Large pharmacy chains selling mixed merchandise are a mainstay of life throughout the developed world.
Familiar planograms with the pharmacy in back, pulling shoppers through rows of candy and cosmetics to get their medicine is an everyday routine.
Or it was.
Big Pharmacy’s reliance on the sale of non-pharmacy products — a strategy that’s worked for years — may now be an Achilles’ heel in a post-pandemic battle for prescription drug market share, where waiting on pharmacy lines with sick people is out of the question for millions.
Pointing to Walgreens’ pact with VillageMD, NowRX Co-Founder and CEO Cary Breese told PYMNTS CEO Karen Webster, “There’s an entirely new dimension to delivery pharmacy and healthcare. There’s obviously been a brace of telemedicine. It’s something we’ve talked about for years … and now it feels to me like it is actually going mainstream.”
Disintermediating powerful national retail pharmacy chains with a direct-to-consumer (DTC) play on prescriptions is Breese’s obsession, intensified by the extraordinary events of 2020.
“[Chain pharmacy] strategy is built around an in-store pickup model, so while they could do delivery pharmacy, they don’t want to. Their incentives are reversed,” Breese said, referring to lures that drive retail foot traffic into big-box pharmacies to increase purchases.
“It’s core to their profitability, and I think they’re misaligned,” he said. “It’s a destination model, and that’s counter to the way customers are trending … in a post pandemic world.”
With people already minimizing their exposure to physical retail in all forms, the DTC prescription push has been gathering steam by closing the “last mile” with home delivery. It dovetails with the larger telehealth trend that’s taken wing since COVID-19 arrived.
Well-financed players are steadily expanding the DTC Rx space, from Amazon’s PillPack to Truepill to startups like ePharmacy Ro — now valued at $1.5 billion — with its DTC brands Zero (nicotine addiction), Roman (men’s health and erectile dysfunction) and Rory (women’s health), to name a few. As independent mom-and-pop pharmacies all but disappear, NowRX and its rivals are recreating some of that warm personalization, losing the worst aspects of pharmacy.
Relating a story about once getting a prescription and being struck by the sheer inefficiency — going to a doctor, going to a pharmacy, waiting in line to drop off the prescription, returning to said pharmacy hours later to wait again to pick up the prescription — Breese said he knew there had to be a better way.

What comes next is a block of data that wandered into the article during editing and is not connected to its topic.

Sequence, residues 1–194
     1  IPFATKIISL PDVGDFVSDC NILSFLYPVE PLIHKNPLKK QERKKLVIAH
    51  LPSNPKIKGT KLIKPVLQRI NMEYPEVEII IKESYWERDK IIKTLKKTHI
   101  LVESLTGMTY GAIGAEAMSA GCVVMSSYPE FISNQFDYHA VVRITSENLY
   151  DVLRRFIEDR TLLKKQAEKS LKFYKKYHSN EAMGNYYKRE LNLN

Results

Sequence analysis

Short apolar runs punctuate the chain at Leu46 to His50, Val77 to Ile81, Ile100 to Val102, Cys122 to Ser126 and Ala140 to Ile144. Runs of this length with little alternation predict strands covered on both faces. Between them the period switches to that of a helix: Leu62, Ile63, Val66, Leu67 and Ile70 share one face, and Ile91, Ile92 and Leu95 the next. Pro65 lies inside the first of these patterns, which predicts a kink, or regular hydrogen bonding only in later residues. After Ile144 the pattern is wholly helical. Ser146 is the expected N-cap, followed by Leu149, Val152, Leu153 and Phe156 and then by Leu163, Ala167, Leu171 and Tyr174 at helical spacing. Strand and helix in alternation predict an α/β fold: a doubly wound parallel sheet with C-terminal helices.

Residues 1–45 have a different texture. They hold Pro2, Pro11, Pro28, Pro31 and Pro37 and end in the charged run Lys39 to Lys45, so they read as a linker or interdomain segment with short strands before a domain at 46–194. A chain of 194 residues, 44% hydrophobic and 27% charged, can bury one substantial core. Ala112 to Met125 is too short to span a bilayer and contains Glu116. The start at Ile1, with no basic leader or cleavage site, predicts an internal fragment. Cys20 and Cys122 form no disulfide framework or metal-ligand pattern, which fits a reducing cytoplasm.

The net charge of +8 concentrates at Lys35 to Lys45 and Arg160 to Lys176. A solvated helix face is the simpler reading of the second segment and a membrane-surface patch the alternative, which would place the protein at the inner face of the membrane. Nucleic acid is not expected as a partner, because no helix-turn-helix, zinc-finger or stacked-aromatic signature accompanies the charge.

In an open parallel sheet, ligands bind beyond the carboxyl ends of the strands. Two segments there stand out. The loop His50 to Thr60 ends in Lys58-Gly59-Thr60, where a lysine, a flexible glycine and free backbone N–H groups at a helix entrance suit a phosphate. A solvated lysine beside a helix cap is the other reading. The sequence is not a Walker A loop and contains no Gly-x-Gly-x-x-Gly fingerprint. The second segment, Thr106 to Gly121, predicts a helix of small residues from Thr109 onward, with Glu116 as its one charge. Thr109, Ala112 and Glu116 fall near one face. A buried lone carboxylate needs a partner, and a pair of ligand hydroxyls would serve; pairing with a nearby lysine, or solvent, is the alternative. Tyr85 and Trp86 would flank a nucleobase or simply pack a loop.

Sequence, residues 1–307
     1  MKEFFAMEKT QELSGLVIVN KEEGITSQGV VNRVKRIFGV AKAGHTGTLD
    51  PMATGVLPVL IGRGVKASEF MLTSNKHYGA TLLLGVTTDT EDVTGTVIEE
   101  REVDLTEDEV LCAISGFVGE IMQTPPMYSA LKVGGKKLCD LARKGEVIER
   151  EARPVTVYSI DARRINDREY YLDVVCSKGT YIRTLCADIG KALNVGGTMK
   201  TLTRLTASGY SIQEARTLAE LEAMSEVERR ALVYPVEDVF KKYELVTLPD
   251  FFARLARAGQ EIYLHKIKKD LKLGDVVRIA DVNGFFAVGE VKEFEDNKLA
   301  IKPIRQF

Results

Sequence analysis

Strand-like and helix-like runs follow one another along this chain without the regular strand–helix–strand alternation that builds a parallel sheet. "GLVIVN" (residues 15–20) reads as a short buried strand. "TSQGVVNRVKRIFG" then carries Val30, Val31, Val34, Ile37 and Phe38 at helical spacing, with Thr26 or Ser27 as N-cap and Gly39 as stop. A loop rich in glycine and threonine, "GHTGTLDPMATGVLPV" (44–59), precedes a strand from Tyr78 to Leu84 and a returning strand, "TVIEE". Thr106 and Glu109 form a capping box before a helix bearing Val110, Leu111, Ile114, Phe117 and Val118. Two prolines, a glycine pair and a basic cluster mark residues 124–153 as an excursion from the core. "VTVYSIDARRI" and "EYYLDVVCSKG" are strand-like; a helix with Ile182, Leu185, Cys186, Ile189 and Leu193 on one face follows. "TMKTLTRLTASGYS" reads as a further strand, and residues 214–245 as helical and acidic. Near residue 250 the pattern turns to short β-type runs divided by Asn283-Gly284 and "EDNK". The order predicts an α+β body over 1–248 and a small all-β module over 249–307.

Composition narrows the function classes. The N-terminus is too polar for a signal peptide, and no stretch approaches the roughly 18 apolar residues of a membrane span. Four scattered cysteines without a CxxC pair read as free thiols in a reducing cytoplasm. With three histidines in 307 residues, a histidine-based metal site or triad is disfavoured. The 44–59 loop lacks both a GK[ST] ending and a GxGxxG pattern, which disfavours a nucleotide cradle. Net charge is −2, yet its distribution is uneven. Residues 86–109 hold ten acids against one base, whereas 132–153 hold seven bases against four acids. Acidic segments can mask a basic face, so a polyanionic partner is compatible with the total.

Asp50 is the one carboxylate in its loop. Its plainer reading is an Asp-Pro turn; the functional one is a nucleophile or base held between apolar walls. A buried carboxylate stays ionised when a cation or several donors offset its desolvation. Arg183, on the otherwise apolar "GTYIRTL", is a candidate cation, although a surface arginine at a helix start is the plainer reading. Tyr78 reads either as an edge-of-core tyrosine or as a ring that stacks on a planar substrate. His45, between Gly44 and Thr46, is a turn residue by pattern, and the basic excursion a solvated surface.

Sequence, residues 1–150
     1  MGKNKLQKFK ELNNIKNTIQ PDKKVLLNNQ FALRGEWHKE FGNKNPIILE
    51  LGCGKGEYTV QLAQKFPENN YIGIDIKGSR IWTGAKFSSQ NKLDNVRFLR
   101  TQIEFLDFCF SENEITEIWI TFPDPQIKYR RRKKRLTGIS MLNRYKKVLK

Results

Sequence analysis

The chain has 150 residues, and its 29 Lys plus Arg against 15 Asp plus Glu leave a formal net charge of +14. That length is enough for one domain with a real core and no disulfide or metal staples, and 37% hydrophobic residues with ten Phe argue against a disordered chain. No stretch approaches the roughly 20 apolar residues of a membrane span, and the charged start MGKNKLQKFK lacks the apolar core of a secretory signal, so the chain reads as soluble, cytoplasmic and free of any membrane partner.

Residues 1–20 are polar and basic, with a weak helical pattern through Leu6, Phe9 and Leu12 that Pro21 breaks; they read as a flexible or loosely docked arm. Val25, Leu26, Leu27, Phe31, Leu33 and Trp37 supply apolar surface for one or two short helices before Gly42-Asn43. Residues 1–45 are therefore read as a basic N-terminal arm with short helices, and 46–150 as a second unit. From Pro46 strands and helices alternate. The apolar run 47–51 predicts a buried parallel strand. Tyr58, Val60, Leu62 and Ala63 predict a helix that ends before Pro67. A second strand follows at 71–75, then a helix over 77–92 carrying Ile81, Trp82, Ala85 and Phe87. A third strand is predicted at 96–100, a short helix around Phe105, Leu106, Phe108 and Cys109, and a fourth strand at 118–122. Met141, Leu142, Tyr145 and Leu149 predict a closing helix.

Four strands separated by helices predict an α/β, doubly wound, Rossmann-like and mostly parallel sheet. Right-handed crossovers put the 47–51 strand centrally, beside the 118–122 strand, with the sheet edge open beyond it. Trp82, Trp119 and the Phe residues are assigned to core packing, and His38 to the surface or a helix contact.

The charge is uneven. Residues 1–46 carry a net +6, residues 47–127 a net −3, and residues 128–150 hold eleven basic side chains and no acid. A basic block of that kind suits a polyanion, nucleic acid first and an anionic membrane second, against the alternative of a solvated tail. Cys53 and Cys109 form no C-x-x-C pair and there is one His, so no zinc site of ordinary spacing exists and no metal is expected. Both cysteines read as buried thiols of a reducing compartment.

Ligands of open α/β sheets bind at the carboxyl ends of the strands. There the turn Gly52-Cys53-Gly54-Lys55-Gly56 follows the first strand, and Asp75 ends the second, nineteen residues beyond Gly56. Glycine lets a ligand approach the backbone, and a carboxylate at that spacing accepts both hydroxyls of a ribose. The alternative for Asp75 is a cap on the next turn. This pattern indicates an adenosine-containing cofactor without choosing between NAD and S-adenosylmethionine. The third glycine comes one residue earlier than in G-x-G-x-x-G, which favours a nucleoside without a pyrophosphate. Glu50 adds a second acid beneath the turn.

The NowRX team set about fixing “…all of those bottlenecks, the interactions with insurance plans, communication with physician, [automating] all of that [and using] robotics so you don’t have humans counting out pills,” he said, invoking the universally-despised pharmacy wait.
Put another way, consumer experience (CX) is the ultimate arbiter. Automated delivery pharmacy is looking to achieve CX with contactless convenience more aligned with pandemic-era sentiments.
“It goes through insurance without a hitch, we coordinate with your physician without you having a lift of finger, we fill that prescription within minutes, and we give … free delivery right to your home,” Breese said. “That’s a better model.”
That “better model” will remain proprietary, as Breese doesn’t foresee licensing NowRX tech to hospitals or even the mega pharmacy operators.
NowRX acquires new customers for its cutting-edge platform with some old-school techniques. Company reps visit physicians, explain the benefits of the delivery pharmacy, especially for elderly and at-risk patients, after which the doctor recommends the platform to patients.
“We actually save physicians time, as well as giving their patients a better experience, and that can have financial implications for them as well through better health outcomes, reimbursements and star ratings,” Breese added.
An Easier Pill To Swallow
If not for the pandemic, online delivery pharmacy might have languished for years. Now, venture capital is moving in, backing best bets before what may be an inevitable consolidation for the sector. Mergers and acquisitions (M&A) are not the route NowRX is taking, however.
“Our plan…is [to do an] IPO in three to five years,” Breese told Webster. “We think we can get to hundreds of millions in revenue, if not a billion revenue.”
The success of such an IPO (initial public offering) will partly depend on the health of the existing retail pharmacy network. Things may get rough for them.
At some point, Breese said he believes, the loss of revenue from non-pharmacy goods will force large chains to break up their business models or risk becoming irrelevant under a new model.
Another wildcard is Amazon and its disruptive ways.
“I think Amazon’s going to come up with a two-day free delivery model pretty soon,” Breese said. “That’d be my expectation. I look for Amazon to put that kind of pressure on the industry, and I think then you’ll see Express Scripts and Caremark and the big mail delivery pharmacies having enormous pressure on them to change their model or perish.”
And telehealth will begin to yield enormous commercial clout in a short time, which will change not only pharmacy but the delivery of healthcare more broadly.
“I am seeing more activity currently on the health systems that are saying, ‘We want to control this whole process. We want … telehealth. We want to own the pharmacy,’” Breese said. “I think a lot of the pharmacy industry’s going to move away from independence into a health system-based, fully integrated model that’s been built specifically around a remote telehealth environment.”